I therefore approached the door of the Ghost with extreme prejudice. I didn’t think I would like it. And immediately, my worst fears were realised. You get just a carpet, same as you do in a Mini or an Indian restaurant. Rolls-Royces should have big squidgy lamb’s-wool rugs. It’s what sets them aside. Then there’s the steering wheel. In a Rolls it should be no thicker than a pencil but in the Ghost it’s wider than Ron Jeremy’s gentleman sausage. This feels sporty. And that feels wrong. So does the head-up display. It’s a motorcar, for crying out loud; not an F-15.
The engine starts with a sigh, as though it’s been sleeping and you’ve woken it up. But straight away it becomes silent again. That’s nice. And so you move the steering-column-mounted gearlever into “forwards” — “backwards” is your other option — and off you go. Despite the lack of lamb’s wool, there can be no criticism of the way the baby Rolls moves about. It is extremely comfortable — possibly the best-riding car I’ve ever driven — and it is as quiet as a snowy wood. “Ghost” really is the right word.
But it’s no slouch. When you happen upon the inevitable Peugeot, you can mash your foot into where the lamb’s-wool rug should be, and the Ghost will turn out to be very fast. Silently fast, like an owl. And shortly afterwards you discover that, despite the marshmallow ride, it handles well too.
Issues? Well, if you crack the driver’s window to let your smoke out you will discover that the vast door mirror deflects air into the gap with such force that it will blow the end of your cigarette off and knock the spectacles from your nose. I can only presume that the engineers did not uncover this fault because the test cars were their workplace and smoking was therefore banned. But the result is simple. This is not a car for Marlboro man. What’s more, it’s obviously so well made that, inside, mobile phones do not receive a signal. This made my daughter very angry. She had to go a whole seven minutes without sending a single text.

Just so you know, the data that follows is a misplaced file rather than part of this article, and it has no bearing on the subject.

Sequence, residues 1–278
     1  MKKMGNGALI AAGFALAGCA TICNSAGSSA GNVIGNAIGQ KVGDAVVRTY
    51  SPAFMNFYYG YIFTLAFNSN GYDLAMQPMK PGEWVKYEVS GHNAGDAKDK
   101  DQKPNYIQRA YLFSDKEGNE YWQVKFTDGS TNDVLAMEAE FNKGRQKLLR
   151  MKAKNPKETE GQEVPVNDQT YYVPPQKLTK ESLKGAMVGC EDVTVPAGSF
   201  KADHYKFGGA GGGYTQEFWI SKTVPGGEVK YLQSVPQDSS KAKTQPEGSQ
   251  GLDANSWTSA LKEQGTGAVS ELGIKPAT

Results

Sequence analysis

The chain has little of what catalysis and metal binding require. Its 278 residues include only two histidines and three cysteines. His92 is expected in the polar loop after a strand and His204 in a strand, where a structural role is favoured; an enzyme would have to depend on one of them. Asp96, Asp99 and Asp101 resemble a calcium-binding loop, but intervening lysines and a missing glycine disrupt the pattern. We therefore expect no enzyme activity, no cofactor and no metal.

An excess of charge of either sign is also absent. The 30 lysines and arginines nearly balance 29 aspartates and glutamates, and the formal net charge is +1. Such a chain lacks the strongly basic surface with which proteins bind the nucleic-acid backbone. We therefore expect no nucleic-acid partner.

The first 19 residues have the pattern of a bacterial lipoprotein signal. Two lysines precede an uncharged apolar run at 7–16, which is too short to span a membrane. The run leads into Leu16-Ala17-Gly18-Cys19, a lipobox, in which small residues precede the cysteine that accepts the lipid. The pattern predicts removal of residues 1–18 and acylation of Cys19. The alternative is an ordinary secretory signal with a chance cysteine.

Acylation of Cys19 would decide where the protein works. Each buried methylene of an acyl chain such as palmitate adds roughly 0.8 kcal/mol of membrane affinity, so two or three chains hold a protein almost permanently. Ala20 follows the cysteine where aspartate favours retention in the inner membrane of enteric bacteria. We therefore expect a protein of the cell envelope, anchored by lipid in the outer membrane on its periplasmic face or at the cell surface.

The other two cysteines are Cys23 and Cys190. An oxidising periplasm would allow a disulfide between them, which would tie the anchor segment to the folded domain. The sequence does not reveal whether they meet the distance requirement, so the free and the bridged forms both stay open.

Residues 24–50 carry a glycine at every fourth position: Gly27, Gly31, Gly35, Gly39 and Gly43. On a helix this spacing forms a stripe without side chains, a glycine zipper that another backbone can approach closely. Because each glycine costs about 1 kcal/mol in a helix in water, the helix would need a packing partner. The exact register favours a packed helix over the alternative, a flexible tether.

Despite these things, and the lack of lamb’s-wool rugs, it is a brilliant car. It’s spacious and good-looking, trimmed beautifully. Ordinarily, there is nothing from the interior of a car that I’d put in my house, but I’d have the Ghost’s light fittings and clock. They’re gorgeous, and the dials look like jewellery. It really is noticeably better inside than anything from Mercedes, Audi or Jaguar. It is therefore worth the extra outlay.
And yet … You cannot drive a Rolls-Royce if you are in any way a shrinking violet. Rollers bring out the inner communist that lurks in all other road users. So you get the hate. And, what’s more, you know one day you will pull up at the lights alongside a Phantom, and then you’ll get the scorn. There is only one reason you would not buy the bigger car. And it’s that you don’t have the extra £80,000.
We’re moving now towards the point when I need to sum up my feelings for the Ghost, and it’s tricky. As a car, it is hard to criticise, but as an experience, on an intellectual level, it would, I think, be a constant worry … That you’d basically been overcharged for a 7-series BMW. That maybe you should have bought a used Phantom. That maybe a Range Rover does everything the Ghost does, and more, for less. In short, I enjoyed driving the car very much.